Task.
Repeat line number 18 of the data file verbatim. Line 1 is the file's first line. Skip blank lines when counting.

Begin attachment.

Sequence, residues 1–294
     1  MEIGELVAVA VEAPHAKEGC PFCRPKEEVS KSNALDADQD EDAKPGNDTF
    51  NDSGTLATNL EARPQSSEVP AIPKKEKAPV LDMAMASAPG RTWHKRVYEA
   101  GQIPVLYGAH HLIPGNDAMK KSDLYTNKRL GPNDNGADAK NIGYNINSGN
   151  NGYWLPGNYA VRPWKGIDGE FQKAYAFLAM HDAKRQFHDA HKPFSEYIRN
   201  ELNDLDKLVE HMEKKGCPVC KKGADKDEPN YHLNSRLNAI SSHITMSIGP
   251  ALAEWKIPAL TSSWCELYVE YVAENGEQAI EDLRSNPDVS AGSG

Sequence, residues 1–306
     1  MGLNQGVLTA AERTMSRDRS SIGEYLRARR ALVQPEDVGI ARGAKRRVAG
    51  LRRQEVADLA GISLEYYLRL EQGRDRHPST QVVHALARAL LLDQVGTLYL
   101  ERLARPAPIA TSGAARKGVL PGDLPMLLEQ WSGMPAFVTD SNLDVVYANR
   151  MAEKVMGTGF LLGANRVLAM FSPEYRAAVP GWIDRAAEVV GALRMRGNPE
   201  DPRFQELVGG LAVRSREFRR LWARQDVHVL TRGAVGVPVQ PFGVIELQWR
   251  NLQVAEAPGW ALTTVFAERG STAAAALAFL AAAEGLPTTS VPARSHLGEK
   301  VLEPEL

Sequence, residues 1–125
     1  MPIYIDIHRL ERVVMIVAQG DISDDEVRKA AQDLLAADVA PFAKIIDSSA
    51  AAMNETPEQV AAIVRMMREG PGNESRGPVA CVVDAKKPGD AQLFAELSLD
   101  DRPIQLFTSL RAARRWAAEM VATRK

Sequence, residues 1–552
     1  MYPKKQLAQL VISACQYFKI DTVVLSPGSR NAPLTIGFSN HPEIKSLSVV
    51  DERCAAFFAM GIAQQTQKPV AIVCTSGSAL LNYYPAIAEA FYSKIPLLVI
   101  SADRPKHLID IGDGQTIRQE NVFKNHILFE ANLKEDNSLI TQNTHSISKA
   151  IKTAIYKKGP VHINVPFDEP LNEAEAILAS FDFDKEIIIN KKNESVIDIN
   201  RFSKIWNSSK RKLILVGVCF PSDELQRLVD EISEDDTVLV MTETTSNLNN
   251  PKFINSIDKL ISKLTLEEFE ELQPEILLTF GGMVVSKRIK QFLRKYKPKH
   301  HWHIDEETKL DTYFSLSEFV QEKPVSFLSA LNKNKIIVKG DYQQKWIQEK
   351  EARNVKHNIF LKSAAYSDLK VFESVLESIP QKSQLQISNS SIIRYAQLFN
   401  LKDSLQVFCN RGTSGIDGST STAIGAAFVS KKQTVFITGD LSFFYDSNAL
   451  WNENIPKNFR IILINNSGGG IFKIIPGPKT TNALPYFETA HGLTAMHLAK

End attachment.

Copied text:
    51  AAMNETPEQV AAIVRMMREG PGNESRGPVA CVVDAKKPGD AQLFAELSLD